Alone, but not lonely, could describe many people I know. Like Anna, who was a widow eighty-four years and was so dedicated to God that He gave her the special gift of seeing the Christ Child, I know widows who spend most of their time in prayer. I have friends who are so sick they cannot do the things they would like to do, but give glory to God because they totally trust Him.

Jesus knew His disciples would be confused and lonely after His death. He told them it would be to their advantage that He went away because He would be sending His Holy Spirit to be with them always.

All the lonely people – where do they all come from?

They come from all ages and all nationalities. They come from every sex and every vocation. They come from every walk of life.

All the lonely people – where do they all belong?

In the loving presence of Jesus, who said, “I will never leave you nor forsake you” (Hebrews 13:5b).

© Stephanie B. Blake

May 2015

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That Special Someone – A Friend

We all need friends.

I have some very special friends – some that I don’t see very often, but when I do, we take up right where we left off.

DSC03454 Cuba Oct '08 153 Stephanie, Sharon and Tina Photo on 8-10-14 at 4.56 PM IMG_1255I am an American. Some of my friends are American but many of my friends live in other countries. We communicate by phone, email, or Facebook but there can be great lapses of time between each message. I often wish for a chance to catch up – to have a cup of coffee or tea with that special someone – a person I feel comfortable with, I can relate to, who understands me.

Although I consider myself a friendly person, not everyone I meet falls into that “special someone” category. There are those who do not share my interests, my values, or my faith.

God is the creator of all people, but not every person wants to be close to Him. I take encouragement from those who do and learn from their special relationship with God, such as these biblical characters:

  • Noah who found grace in the eyes of the Lord and he and his family were saved from the flood.
  • Abraham who was called a friend of God.
  • Moses who could talk with God face to face.
  • Job whom God called a blameless and upright man.Oma and her friend Lisa
  • Elijah who was known as a man of God.
  • Isaiah who was given prophetic visions by God.
  • Ezekiel who had the hand of the Lord upon him.
  • Daniel who was protected by God in the lion’s den.
  • The virgin Mary who was highly favored, chosen to be the mother of the Savior.
  • John, the apostle, who called himself “the one whom Jesus loved”.

Jesus makes it possible for each of us to have a personal relationship with Him. His miraculous birth, His sinless life, His sacrificial death and His bodily resurrection is a gift of grace to those who chose to believe in Him. There don’t have to be any lapses of time for communication – we can talk with Him constantly.  Especially comforting is – like Abraham – we are His friends. And like John, He loves us completely.

“Greater love has no one than this, than to lay down one’s life for his friends. You are My friends if you do whatever I command you. No longer do I call you servants, for a servant does not know what his master is doing; but I have called you friends, for all things that I heard from My Father I have made known to you” (John 15:13-15).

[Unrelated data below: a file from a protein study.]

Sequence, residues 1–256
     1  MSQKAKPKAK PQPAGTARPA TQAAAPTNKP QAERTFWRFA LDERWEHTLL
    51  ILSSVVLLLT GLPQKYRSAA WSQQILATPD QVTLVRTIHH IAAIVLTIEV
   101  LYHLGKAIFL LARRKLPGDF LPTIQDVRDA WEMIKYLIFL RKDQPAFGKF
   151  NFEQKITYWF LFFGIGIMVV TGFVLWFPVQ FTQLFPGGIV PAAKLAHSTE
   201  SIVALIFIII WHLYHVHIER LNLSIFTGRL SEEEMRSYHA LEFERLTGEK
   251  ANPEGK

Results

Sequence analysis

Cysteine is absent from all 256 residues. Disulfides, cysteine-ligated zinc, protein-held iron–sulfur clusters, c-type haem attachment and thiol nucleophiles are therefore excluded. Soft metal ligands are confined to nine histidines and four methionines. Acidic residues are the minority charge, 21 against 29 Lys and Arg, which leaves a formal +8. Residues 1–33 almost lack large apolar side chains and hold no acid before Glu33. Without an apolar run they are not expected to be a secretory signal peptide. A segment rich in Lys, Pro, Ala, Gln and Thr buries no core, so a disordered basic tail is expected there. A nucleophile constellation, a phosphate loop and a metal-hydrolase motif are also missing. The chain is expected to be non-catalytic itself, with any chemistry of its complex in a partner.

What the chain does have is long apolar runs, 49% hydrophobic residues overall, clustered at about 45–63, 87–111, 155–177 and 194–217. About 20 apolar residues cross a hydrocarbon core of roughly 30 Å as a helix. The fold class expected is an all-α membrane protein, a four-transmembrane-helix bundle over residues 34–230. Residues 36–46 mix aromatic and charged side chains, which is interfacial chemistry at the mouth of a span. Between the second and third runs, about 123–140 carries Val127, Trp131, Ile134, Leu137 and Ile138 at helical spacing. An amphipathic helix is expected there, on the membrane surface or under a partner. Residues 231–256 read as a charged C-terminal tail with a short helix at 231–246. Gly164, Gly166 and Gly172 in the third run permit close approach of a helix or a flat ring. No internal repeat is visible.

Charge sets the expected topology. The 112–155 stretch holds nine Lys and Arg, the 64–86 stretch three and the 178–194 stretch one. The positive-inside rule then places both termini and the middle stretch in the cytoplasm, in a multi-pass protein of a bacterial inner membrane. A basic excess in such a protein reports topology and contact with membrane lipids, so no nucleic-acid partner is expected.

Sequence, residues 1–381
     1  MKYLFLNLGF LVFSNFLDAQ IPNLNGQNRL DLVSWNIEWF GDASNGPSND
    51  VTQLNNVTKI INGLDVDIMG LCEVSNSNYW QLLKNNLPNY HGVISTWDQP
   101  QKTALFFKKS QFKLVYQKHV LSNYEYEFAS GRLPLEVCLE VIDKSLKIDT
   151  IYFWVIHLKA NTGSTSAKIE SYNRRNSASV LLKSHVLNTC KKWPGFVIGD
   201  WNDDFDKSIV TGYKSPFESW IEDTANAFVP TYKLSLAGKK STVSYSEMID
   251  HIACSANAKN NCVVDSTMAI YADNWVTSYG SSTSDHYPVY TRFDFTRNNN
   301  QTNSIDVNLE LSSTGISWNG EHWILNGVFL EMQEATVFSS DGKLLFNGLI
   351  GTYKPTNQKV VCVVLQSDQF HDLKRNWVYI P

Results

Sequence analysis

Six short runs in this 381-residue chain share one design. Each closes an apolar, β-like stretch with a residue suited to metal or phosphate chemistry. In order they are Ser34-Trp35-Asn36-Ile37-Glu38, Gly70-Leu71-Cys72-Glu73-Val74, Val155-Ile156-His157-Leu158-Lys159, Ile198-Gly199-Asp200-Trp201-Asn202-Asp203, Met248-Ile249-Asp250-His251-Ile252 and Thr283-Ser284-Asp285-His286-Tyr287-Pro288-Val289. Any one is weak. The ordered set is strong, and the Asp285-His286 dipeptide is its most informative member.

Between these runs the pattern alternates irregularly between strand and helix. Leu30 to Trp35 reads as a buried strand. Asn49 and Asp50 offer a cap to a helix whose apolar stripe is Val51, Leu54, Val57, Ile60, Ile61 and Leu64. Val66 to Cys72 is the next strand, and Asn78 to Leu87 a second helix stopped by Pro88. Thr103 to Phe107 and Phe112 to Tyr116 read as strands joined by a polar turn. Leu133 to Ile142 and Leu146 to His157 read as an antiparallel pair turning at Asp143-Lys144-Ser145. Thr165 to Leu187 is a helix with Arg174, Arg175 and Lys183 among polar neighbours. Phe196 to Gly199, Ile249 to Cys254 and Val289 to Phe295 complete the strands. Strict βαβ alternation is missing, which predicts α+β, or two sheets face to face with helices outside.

Rest From A Completed Project

My life is full of projects to be completed – little ones and big ones.

Every day is full of the little projects:

  • Laundry is not complete until I have folded it, put it away and ironed items that require it. After a trip, that particular project may take all day.
  • If we want to eat a meal, it is not enough to decide what to cook, cook it and serve it. The dishes must also be washed and put away.DSC03514
  • If yard work needs to be done, I have found it best not to do it in stages but to devote enough time to get it completely done including weeding flower beds, cutting the grass, trimming and cleaning up afterwards.
  • I maintain a couple of blogs. The article is not complete until I have finished writing it, added an image or two, proofed it and posted it to the internet.

IMG_2127When I am able, I help my husband with some of our household projects. These are more lengthy in nature and may take days or weeks, but I am always aware the project needs to be completed. If I do choose to “enter into the project” with him and follow through to the end, I can take delight in the fact I had a part in finishing it.

Some projects are part of something larger. If we are building a house, we may finish building a bathroom, but the remainder of the rooms may need to be finished as well. It is not completely finished until the last nail has been driven and the last paint brush has been put down.

I need to rest when I get tired, but I want to rest as well so that I can enjoy the result of the project.

God never gets tired but He does take time to enjoy what He has created. And God rested on the seventh day from all His works (Hebrews 4:4).

If you are a child of God, God is in the process of completing His work in you. When you believe, His rest becomes your rest. … we who have believed do enter that rest (Hebrews 4:3a).

There is a future element to that rest. There remains a Sabbath rest for the people of God, for the one who has entered His rest has himself also rested from His works, as God did from His (Hebrews 4:9-10). Together, for eternity, we will enjoy all that God has planned for those who have chosen to believe in Him.

since a promise remains of entering His rest… Therefore let us be diligent to enter that rest…(Hebrews 4:1, 11).

The World Clock and Sleep